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PrintAs we noted in our recent post on the Ninth Circuit case Kimzey v. Yelp! Inc., in the right circumstances, Section 230 of the Communications Decency Act (CDA) still provides robust protection against liability for website operators despite the unusually large number of decisions this year seemingly narrowing the scope of the statute. Defendants notched another Section 230 win recently in Manchanda v. Google, a case in the Southern District of New York. The case began in May 2016 when Rahul Manchanda, an attorney, filed a complaint alleging that Google, Yahoo and Microsoft harmed his reputation by indexing certain websites that described him in negative terms.

Manchanda asserted various claims against the three defendants, including defamation, libel, slander, tortious interference with contract, breach of fiduciary duty, breach of the duty of loyalty, unfair trade practices, false advertising, unlawful trespass, civil RICO, unjust enrichment, intentional infliction of emotional distress, negligent infliction of emotional distress and trademark infringement. Manchanda sought injunctive relief requiring the defendants to “de-index or remove the offending websites from their search engines” in addition to damages.

The court made quick work of dismissing most of Manchanda’s claims on Section 230 grounds, emphasizing that the CDA “immunizes search engines from civil liability for reputational damage resulting from third-party content that they aggregate and republish.” The court went on to note that “[t]his immunity attaches regardless of the specific claim asserted against the search engine, so long as the claim arises from the publication or distribution of content produced by a third party and the alleged injury involves damage to a plaintiff’s reputation based on that content.”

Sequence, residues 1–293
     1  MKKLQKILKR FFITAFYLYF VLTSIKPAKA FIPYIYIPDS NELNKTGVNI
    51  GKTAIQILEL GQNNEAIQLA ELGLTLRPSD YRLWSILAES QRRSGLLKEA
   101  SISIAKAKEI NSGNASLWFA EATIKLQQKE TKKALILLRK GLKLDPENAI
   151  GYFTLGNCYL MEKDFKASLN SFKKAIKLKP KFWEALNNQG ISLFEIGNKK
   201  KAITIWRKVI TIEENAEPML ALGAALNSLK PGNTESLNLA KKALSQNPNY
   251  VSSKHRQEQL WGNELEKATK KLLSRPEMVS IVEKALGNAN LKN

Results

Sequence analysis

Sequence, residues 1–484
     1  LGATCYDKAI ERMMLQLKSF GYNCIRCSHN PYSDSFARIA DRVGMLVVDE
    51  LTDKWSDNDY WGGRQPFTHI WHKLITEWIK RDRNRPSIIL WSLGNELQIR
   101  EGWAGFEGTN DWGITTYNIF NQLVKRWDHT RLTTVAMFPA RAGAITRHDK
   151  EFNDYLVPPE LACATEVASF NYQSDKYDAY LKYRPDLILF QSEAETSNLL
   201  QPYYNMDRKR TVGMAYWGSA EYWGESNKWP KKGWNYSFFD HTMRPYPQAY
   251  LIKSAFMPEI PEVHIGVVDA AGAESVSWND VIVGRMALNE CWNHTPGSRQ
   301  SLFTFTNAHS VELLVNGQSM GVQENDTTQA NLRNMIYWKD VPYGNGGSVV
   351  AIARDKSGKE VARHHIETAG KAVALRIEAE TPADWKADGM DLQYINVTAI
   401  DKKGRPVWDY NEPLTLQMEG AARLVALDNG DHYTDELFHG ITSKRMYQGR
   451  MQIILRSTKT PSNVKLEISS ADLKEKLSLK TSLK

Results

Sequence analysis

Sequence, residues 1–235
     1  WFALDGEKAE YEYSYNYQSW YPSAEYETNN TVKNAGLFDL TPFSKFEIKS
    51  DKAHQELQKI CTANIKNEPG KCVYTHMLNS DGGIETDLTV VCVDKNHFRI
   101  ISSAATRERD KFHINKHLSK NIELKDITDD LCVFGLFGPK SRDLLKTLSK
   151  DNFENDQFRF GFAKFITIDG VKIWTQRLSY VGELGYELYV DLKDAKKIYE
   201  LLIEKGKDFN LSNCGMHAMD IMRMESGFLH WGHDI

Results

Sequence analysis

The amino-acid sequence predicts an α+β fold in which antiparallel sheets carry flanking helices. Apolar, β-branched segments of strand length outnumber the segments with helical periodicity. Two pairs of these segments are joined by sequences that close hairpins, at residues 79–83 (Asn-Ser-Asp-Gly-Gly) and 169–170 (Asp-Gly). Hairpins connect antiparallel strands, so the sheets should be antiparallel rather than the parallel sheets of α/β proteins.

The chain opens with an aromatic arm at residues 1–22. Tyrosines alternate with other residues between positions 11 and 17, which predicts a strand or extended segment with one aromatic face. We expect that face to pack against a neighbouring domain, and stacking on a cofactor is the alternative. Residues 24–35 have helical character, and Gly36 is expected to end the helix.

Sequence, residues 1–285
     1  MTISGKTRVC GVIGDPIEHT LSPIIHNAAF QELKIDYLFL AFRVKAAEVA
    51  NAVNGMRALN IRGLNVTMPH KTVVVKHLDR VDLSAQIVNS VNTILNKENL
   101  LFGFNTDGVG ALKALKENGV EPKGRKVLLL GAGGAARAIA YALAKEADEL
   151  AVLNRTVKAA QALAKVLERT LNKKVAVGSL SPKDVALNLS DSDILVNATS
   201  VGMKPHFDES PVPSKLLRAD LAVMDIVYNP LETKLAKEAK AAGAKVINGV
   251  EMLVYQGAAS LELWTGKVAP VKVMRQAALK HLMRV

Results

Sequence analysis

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2016 has been a challenging year for Section 230 of the Communications Decency Act (CDA) and the website operators who depend on it for protection against liability stemming from user-generated content. An unusually large number of cases this year have resulted in decisions holding that the defendant website operators were not entitled to immunity under Section 230. For example, as we’ve discussed recently, in Hassel v. Bird, the California Court of Appeal held that Section 230 did not prevent the court from ordering Yelp to remove from its website allegedly defamatory reviews posted by users, even though Yelp was not a party in the underlying defamation suit.

We are working on an article surveying some of the recent cases holding that Section 230 did not apply. But in the meantime, it is important to remember that Section 230 remains a powerful shield against liability and that defendants continue to wield it successfully in many cases. The Ninth Circuit’s recent decision in Kimzey v. Yelp is one such case.

Kimzey arose from two negative Yelp reviews that user “Sarah K” posted in September 2011 about Douglas Kimzey’s locksmith business in the Seattle area. Sarah K’s reviews were extremely negative and rated Kimzey one out of five stars in Yelp’s multiple-choice star rating system. In all caps, she warned Yelpers that “THIS WAS BY FAR THE WORST EXPERIENCE I HAVE EVER ENCOUNTERED WITH A LOCKSMITH. DO NOT GO THROUGH THIS COMPANY . . . CALL THIS BUSINESS AT YOUR OWN RISK.”
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A recent California court decision involving Section 230 of the Communications Decency Act (CDA) is creating considerable concern among social media companies and other website operators.

As we’ve discussed in past blog posts, CDA Section 230 has played an essential role in the growth of the Internet by shielding website operators from defamation and

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The federal government will now check the social media history of prospective employees before granting them security clearance.

One expert says C-level executives shouldn’t entrust millennials with their companies’ social media feeds.

Federal court refuses to dismiss a lawsuit against Google for allegedly removing sites